4. Start baking Christmas cookies while you have Thanksgiving wreaths still hanging in the window. And turkeys on the window sills. This will inspire you to get crackin' on the cookies so that you can get rid of the last vestiges of Thanksgiving and dig out a festive platter for the cookies. And then you'll be motivated to multi-task so that you can get through your epic list of things to do, so you'll chat on the phone with your neighbor as you prepare the cookies. While talking on the phone try to remove a tray of 48 cookies that have been cooling in the freezer in preparation for their dip in white chocolate. Lose control of the phone that is pressed tightly between your shoulder and your ear and drop the entire tray of cookies all over the garage floor. Note to self: Next time drop the phone and save the cookies. Dessert always trumps electronics.

5. Refuse to actively resolve your self-inflicted chaos and instead, sit down and blog about it.


Don't they look yummy?! Actually, it really isn't a great shot of the cookies (fudgy, chocolate cookie dipped in white chocolate), but I love the juxtaposition of the Christmas cookies and the Thanksgiving decorations -- so just pretend the cookies look fabulous. 'Cuz they certainly taste good.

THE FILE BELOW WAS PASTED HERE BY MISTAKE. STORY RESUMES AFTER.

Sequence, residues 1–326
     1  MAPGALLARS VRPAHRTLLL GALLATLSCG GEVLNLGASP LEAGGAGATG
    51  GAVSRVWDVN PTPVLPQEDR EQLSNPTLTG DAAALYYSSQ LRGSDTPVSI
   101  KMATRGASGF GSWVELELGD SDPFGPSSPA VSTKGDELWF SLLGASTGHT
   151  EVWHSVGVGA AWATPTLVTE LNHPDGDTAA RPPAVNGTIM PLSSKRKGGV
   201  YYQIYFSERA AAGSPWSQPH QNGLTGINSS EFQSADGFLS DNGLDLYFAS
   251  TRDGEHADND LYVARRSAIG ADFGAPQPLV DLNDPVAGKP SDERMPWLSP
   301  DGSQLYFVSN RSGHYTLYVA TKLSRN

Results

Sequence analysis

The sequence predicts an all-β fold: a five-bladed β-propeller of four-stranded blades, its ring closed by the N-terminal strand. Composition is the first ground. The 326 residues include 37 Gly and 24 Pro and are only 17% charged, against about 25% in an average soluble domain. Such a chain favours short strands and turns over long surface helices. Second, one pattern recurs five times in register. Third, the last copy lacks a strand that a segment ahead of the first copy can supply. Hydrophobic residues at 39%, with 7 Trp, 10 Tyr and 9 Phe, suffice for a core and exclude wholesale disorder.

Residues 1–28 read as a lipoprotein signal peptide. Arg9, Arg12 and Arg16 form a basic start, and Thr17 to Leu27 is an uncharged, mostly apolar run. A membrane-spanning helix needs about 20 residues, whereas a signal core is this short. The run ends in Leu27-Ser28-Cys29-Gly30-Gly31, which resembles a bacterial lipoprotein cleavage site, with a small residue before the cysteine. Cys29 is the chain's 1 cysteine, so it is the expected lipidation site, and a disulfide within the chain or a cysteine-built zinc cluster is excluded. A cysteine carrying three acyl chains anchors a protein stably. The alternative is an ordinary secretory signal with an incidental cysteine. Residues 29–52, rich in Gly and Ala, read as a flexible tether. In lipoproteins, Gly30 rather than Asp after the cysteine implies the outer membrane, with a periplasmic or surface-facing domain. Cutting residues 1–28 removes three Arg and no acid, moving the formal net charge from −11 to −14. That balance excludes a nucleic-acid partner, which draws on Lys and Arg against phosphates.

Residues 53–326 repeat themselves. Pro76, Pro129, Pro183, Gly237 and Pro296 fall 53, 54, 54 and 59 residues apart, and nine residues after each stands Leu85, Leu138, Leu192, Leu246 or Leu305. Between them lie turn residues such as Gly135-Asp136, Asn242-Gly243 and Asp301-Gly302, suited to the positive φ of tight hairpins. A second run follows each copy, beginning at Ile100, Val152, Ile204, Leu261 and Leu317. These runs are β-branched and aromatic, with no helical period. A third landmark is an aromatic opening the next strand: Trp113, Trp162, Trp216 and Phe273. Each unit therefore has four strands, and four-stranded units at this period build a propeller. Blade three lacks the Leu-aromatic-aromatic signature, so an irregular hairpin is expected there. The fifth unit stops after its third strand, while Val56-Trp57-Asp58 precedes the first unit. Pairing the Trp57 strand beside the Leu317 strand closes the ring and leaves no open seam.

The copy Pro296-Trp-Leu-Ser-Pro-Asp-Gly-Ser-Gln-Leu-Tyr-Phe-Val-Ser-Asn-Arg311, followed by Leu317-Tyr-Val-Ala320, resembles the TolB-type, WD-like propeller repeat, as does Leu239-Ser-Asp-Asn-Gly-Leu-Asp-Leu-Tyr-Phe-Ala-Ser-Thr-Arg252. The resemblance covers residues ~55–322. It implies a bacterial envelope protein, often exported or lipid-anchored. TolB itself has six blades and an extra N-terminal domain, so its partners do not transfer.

Wednesday, December 3, 2008

Wordless Wednesday

Eh, who am I kidding? I don't really do wordless. Maybe I should change the title of the post to "Almost Wordless Wednesday." But that doesn't have the nice ring of alliteration so I guess you'll just have to work with me.
Today I received an unexpected gift at the school from a fellow mommy. It was particularly appropriate given that I was so overbooked that I spent the entire day racing around like a chicken with it's head cut off and scrambling to prepare for all of the volunteer "stuff" that I've gotten myself sucked into. You'll likely hear about that in tomorrow's post.
Wow. Foreshadowing and alliteration all in one post. I am good.

I'm not addicted. It's not as though I can't control my volunteer committments. I can stop any time I want.
Tucked inside are a pair of longer bigger socks. Leigh clearly understands that size matters.

Tuesday, December 2, 2008

Making a mountain out of a mole hill

"Look up at the sky Monday night to see a bright cosmic frown. The planets Jupiter and Venus will briefly align to form (nearly upside down) two eyes and a frowning mouth in the southwest.

In what's called a planetary conjunction, the two planets —the brightest in the night sky — will appear extremely close, separated by only the width of a finger held at arm's length. They won't be this close together and well-placed for evening viewing again until May 2013.
In fact, some astronomers think a similar alignment of the planets on June 17 in the year 2 BC is behind biblical accounts of the Star of Bethlehem present during Christ's birth. The bright planets would have appeared so close together they could have been taken as a single shining star.... Source